Huntoon v. TCI Cablevision of Colorado

969 P.2d 681
Brief Filed: 7/97
Court: Supreme Court of Colorado
Year of Decision: 1998

Read the full-text amicus brief (PDF, 322KB)


Whether a neuropsychologist is qualified to testify as to the causation of a head injury

Index Topic

Expert Witnesses/Psychologists' Competency, Neuropsychologists' Competency (Brain Injury Assessment)


Petitioner's vehicle was rear-ended by a vehicle driven by an employee of the defendant. Plaintiff received a directed verdict on the issue of liability and was awarded damages. The Colorado Court of Appeals reversed the decision and remanded the case for a new trial. That court found that one basis for the reversal was the trial court's error in allowing a neuropsychologist to testify on behalf of the plaintiff that the accident had caused the symptoms plaintiff displayed. While the court acknowledged that a neuropsychologist who had reviewed all of the appropriate documents could testify as to the existence of brain injury, it found that under Colorado law psychologists may not testify as to the causation of that injury because they are not medical doctors trained in the physiological aspects of the human body. Plaintiff filed a motion for rehearing which was denied.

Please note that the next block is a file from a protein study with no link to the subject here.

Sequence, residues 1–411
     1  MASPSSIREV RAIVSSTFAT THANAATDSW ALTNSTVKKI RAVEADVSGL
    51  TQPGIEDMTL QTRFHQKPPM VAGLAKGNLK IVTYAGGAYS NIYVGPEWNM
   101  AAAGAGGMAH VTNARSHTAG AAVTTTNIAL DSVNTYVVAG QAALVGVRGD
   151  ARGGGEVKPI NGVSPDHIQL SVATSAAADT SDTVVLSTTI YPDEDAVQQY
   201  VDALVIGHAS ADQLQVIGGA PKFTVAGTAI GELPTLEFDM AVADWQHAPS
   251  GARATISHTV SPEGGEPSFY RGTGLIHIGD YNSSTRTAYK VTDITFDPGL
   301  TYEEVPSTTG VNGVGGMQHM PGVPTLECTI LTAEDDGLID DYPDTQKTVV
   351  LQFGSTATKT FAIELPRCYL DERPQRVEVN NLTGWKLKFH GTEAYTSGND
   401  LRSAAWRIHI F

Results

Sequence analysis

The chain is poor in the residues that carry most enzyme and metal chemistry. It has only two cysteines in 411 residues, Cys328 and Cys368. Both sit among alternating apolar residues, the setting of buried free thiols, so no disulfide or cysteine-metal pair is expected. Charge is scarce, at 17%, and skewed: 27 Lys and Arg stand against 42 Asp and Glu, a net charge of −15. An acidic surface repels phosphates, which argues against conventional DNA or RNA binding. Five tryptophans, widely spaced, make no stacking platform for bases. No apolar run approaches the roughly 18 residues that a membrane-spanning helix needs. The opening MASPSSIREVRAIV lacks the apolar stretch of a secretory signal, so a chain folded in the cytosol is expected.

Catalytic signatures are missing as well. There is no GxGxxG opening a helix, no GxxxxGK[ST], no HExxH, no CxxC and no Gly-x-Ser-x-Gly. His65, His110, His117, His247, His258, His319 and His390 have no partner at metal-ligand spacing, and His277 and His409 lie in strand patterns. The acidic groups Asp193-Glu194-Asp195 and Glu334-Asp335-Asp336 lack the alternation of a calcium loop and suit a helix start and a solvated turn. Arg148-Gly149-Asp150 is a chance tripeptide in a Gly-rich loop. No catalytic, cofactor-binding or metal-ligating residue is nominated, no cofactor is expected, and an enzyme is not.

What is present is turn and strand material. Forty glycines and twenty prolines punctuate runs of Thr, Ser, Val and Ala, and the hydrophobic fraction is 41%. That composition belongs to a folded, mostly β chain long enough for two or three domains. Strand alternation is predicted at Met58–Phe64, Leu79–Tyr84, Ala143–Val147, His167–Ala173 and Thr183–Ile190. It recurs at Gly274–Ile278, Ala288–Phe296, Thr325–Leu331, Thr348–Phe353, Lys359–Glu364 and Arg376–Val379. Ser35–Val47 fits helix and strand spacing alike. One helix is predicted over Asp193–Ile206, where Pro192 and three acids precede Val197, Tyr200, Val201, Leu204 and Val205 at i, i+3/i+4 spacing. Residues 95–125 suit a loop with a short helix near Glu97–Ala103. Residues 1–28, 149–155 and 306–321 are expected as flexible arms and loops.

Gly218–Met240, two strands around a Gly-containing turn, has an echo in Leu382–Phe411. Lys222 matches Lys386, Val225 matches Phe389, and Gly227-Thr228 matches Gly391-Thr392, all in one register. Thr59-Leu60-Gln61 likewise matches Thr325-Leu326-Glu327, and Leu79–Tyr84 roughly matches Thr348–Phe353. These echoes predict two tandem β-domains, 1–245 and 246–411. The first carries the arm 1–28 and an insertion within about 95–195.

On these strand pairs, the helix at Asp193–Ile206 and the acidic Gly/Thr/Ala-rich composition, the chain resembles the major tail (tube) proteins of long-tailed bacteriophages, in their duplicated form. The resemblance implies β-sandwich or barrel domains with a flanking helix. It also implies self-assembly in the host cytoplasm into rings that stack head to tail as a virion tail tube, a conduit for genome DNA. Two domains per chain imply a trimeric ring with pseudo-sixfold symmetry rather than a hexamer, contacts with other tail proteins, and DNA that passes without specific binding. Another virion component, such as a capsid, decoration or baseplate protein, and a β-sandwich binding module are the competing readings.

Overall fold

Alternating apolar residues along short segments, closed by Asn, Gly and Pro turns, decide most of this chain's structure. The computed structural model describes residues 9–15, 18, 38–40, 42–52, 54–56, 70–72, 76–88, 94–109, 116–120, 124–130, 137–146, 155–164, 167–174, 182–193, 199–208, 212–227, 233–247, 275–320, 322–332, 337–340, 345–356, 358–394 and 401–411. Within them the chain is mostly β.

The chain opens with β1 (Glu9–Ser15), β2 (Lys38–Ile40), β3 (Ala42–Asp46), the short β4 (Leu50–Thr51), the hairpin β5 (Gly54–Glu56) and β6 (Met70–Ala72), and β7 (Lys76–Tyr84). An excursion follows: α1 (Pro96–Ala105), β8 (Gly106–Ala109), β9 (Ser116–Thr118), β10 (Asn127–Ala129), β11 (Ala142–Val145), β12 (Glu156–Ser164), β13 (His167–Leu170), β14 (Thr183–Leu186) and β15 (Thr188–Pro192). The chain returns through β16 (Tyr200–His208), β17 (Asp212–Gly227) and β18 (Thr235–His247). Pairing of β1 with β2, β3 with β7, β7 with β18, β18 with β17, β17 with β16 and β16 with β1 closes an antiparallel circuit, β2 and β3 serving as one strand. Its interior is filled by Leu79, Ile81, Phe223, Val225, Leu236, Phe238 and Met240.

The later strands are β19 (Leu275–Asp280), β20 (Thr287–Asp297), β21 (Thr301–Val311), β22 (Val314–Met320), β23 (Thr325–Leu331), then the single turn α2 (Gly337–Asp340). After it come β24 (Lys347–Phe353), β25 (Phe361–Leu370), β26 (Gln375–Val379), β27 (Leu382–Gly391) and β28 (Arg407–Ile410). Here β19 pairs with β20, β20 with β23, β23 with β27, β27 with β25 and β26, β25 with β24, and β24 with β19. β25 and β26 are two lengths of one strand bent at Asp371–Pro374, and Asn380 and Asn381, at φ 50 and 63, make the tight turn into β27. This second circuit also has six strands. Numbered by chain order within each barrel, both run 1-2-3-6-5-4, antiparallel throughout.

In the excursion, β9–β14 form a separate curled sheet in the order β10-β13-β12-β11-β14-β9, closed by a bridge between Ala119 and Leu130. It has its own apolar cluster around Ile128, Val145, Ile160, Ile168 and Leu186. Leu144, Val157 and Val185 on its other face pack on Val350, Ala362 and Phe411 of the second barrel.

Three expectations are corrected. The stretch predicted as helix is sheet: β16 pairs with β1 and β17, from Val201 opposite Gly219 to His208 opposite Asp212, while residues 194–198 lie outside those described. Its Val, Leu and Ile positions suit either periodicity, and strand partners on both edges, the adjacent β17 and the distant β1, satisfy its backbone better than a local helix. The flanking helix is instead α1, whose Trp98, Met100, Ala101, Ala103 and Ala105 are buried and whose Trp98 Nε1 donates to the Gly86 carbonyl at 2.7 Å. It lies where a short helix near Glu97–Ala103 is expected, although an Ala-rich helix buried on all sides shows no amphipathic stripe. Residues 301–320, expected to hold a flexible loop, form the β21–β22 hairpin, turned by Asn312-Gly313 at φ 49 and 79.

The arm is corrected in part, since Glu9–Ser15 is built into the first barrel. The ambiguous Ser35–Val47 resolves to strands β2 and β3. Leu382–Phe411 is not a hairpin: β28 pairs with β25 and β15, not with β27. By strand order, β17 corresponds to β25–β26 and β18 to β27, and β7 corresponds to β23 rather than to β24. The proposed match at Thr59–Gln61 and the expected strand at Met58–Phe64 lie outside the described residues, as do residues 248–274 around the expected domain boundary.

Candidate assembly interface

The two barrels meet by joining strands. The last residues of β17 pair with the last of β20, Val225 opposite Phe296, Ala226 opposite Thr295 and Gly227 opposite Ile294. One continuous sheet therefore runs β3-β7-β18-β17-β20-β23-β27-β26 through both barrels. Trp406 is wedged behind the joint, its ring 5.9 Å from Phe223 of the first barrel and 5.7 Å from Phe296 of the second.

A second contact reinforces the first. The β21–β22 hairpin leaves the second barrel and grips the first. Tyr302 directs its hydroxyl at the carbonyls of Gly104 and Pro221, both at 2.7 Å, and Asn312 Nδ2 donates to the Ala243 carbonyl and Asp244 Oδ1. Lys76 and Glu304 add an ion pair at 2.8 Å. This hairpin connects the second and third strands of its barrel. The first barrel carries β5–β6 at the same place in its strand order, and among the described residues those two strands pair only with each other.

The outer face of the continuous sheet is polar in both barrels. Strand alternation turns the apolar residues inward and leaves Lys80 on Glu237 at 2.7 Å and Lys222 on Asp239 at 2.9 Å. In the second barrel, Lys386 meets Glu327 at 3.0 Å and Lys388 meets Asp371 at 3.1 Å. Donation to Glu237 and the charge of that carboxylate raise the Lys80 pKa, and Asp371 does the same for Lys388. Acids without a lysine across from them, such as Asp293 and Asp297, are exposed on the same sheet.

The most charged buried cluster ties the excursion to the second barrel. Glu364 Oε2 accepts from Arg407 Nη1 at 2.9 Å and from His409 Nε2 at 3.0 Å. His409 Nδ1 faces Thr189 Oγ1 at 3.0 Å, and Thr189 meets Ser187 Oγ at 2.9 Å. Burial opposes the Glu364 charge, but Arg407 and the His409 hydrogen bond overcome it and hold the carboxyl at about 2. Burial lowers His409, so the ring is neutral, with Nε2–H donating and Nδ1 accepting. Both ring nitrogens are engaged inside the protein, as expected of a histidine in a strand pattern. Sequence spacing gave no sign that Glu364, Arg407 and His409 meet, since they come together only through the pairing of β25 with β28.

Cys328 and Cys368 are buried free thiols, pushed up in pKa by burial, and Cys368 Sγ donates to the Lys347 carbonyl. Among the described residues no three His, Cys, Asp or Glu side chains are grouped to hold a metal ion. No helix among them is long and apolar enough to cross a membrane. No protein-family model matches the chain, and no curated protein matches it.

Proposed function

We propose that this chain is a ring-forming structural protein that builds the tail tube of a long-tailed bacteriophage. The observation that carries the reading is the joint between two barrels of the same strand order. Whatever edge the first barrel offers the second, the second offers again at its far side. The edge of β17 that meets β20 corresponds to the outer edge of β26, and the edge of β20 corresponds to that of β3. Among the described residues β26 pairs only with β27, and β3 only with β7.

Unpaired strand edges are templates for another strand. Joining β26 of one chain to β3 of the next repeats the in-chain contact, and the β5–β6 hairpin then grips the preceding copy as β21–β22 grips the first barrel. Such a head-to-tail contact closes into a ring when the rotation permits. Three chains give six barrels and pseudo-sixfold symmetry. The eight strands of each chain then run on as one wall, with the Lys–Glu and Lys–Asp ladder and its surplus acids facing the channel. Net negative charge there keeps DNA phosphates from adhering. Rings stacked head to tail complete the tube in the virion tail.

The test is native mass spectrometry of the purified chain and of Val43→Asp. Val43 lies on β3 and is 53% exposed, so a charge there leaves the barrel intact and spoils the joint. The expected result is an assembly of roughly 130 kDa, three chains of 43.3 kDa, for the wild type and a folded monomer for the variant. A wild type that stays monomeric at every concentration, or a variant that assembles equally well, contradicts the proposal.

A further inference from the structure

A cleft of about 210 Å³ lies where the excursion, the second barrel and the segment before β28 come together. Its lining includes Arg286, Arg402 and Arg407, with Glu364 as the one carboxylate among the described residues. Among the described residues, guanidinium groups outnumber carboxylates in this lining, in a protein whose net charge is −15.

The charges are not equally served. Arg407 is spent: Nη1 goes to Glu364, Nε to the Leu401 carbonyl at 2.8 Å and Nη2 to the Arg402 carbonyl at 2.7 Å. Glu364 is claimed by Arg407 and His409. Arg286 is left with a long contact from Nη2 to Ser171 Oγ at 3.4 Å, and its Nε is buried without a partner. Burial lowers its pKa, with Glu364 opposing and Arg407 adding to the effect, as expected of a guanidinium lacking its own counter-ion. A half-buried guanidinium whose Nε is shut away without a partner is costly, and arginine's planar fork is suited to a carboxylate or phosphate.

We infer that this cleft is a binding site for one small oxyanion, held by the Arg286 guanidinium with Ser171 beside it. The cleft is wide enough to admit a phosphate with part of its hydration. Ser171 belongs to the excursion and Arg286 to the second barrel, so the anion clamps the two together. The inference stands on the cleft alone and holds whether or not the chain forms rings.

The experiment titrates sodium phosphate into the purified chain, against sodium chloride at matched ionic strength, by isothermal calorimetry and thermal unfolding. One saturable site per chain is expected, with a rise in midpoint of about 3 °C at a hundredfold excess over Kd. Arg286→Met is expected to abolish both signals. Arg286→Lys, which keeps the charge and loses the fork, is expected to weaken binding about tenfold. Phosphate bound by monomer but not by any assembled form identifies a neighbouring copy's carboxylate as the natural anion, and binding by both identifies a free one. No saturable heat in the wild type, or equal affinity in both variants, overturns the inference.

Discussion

APA's Position

APA, the National Academy of Neuropsychology, the Colorado Psychological Association and the Colorado Neuropsychological Society filed an amicus brief in support of petition for writ of certiorari. APA had recently filed briefs on the same issue before the North Carolina Supreme Court and the U.S. Court of Appeals for the Ninth Circuit. Neither case had been decided at the time of filing. In its brief, APA argued that: (1) the rules of evidence command liberal admission of expert opinion testimony; (2) courts have widely recognized that psychologists are experts in diagnosing the existence and causes of brain dysfunction; and (3) neuropsychologists are qualified by training and experience to provide expert testimony concerning causation of psychological conditions because that training is rigorous, scientific and relevant to the issues at bar.


The Colorado Supreme Court granted certiorari and reversed, finding no abuse of discretion in the admission of neuropsychologist testimony on issues of causation of brain injury. The court first found inappropriate the appellate court's categorical exclusion of neuropsychological testimony as to the physical cause of organic brain injury as a matter of law. Agreeing with APA, it held that neuropsychologists are not per se unqualified to speak on the causation of organic brain injury, and that the propriety of admissibility should be determined using the evidentiary rules applicable to all other expert testimony.